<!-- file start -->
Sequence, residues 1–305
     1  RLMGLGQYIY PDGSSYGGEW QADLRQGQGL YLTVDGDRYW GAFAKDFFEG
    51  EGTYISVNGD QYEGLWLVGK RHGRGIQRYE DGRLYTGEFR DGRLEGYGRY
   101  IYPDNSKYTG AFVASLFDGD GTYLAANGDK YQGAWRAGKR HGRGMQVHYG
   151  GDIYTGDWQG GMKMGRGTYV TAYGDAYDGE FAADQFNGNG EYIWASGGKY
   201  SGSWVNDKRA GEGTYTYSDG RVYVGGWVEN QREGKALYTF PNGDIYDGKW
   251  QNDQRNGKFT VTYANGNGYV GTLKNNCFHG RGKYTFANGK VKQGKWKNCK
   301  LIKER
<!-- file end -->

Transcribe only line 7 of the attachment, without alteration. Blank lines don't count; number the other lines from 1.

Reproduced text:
   251  QNDQRNGKFT VTYANGNGYV GTLKNNCFHG RGKYTFANGK VKQGKWKNCK